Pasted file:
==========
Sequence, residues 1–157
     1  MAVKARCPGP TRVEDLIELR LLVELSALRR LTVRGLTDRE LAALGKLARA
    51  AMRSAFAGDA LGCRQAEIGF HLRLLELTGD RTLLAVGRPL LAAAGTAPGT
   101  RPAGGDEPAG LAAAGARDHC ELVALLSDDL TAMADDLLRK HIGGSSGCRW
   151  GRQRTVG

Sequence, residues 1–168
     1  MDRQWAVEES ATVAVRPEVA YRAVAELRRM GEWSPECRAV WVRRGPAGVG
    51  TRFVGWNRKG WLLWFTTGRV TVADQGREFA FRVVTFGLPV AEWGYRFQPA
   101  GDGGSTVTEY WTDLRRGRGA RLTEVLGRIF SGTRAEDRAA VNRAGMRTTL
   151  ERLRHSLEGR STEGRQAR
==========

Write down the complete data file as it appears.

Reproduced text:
Sequence, residues 1–157
     1  MAVKARCPGP TRVEDLIELR LLVELSALRR LTVRGLTDRE LAALGKLARA
    51  AMRSAFAGDA LGCRQAEIGF HLRLLELTGD RTLLAVGRPL LAAAGTAPGT
   101  RPAGGDEPAG LAAAGARDHC ELVALLSDDL TAMADDLLRK HIGGSSGCRW
   151  GRQRTVG

Sequence, residues 1–168
     1  MDRQWAVEES ATVAVRPEVA YRAVAELRRM GEWSPECRAV WVRRGPAGVG
    51  TRFVGWNRKG WLLWFTTGRV TVADQGREFA FRVVTFGLPV AEWGYRFQPA
   101  GDGGSTVTEY WTDLRRGRGA RLTEVLGRIF SGTRAEDRAA VNRAGMRTTL
   151  ERLRHSLEGR STEGRQAR